The General Confederation of Labour (French: Confédération générale du travail, CGT) is a national trade union center, the first of the five major French confederations of trade unions.
It is the largest in terms of votes (32.1% at the 2002 professional election, 34.0% in the 2008 election), and second largest in terms of membership numbers.
Its membership decreased to 650,000 members in 1995–96 (it had more than doubled when François Mitterrand was elected President in 1981), before increasing today to between 700,000 and 720,000 members, slightly less than the Confédération Française Démocratique du Travail (CFDT).
According to the historian M. Dreyfus, the direction of the CGT is slowly evolving, since the 1990s, during which it cut all organic links with the French Communist Party (PCF), in favour of a more moderate stance. The CGT is concentrating its attention, in particular since the 1995 general strikes, to trade-unionism in the private sector. The CGT was most recently in the news for briefly delaying Stage 3 of the Tour de France on July 7, 2008.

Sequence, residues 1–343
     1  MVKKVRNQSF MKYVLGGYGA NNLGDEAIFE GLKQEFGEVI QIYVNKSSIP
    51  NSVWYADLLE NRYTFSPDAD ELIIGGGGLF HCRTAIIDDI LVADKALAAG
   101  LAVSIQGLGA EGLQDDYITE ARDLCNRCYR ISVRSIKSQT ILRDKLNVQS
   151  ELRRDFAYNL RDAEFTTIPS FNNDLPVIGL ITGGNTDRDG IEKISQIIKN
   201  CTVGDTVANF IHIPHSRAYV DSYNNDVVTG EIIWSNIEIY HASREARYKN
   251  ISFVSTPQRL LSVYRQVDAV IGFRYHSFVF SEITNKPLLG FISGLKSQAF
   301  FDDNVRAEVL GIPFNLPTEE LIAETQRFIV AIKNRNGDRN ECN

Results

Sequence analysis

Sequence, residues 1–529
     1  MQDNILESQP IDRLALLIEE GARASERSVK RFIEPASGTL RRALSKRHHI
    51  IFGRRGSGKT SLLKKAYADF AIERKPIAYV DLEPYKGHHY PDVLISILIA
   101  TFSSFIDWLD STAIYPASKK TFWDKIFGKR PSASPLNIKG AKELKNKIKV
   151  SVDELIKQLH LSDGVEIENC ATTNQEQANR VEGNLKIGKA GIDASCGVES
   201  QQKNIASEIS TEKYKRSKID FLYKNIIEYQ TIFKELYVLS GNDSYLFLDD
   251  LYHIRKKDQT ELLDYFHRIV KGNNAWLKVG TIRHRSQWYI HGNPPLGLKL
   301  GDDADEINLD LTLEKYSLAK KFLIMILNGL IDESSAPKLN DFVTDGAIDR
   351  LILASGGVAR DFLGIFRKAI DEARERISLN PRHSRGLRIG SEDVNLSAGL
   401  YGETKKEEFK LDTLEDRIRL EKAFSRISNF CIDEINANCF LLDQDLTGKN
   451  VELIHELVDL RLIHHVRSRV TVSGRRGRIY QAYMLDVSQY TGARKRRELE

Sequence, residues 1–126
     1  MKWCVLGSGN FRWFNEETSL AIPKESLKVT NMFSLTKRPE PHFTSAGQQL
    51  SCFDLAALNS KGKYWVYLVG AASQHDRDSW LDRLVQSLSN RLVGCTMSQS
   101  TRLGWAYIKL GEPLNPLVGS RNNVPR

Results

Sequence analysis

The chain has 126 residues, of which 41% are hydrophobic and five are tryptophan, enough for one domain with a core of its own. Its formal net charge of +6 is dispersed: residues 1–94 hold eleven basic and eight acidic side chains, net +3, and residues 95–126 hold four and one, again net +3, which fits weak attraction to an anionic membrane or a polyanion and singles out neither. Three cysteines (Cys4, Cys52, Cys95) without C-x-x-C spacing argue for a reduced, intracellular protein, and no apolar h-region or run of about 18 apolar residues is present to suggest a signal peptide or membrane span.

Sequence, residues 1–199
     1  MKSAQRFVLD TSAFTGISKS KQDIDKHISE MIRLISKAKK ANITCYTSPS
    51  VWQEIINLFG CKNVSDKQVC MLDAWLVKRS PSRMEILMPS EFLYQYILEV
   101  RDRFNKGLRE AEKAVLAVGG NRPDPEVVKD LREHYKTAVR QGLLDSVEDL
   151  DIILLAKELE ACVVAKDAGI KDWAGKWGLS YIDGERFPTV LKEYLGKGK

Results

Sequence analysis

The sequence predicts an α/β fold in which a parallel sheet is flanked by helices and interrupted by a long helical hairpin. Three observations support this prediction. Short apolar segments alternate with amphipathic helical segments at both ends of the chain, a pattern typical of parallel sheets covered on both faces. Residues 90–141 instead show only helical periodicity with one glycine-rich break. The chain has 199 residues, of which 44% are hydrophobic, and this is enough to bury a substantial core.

The demography of France is monitored by the Institut national d'études démographiques (INED) and the Institut National de la Statistique et des Études Économiques (INSEE). On 1 January 2011, 65,821,885 people lived in the French Republic. 63,136,180 of these lived in metropolitan France, whereas 2,685,705 lived in the French overseas departments and territories.
France was historically the largest nation of Europe. During the Middle Ages, more than one quarter of Europe's total population was French; during the 17th century, it was still one fifth of Europe's total population. At the beginning of the 20th century, France's population was low compared with that of its neighbors and with its previous history. However, the country's population sharply increased with the baby boom following World War II.
The national birth rate, after continuing to drop for a time, began to rebound in the 1990s and currently the country's fertility rate is close to the replacement level. According to an INSEE 2006 study, "The natural increase is close to 300,000 persons, a level that has not been reached in more than thirty years." Among the 802,000 newborns in metropolitan France in 2010, 80.1% had two French parents, 13.3% had one French parent, and 6.6% had two foreign-born parents.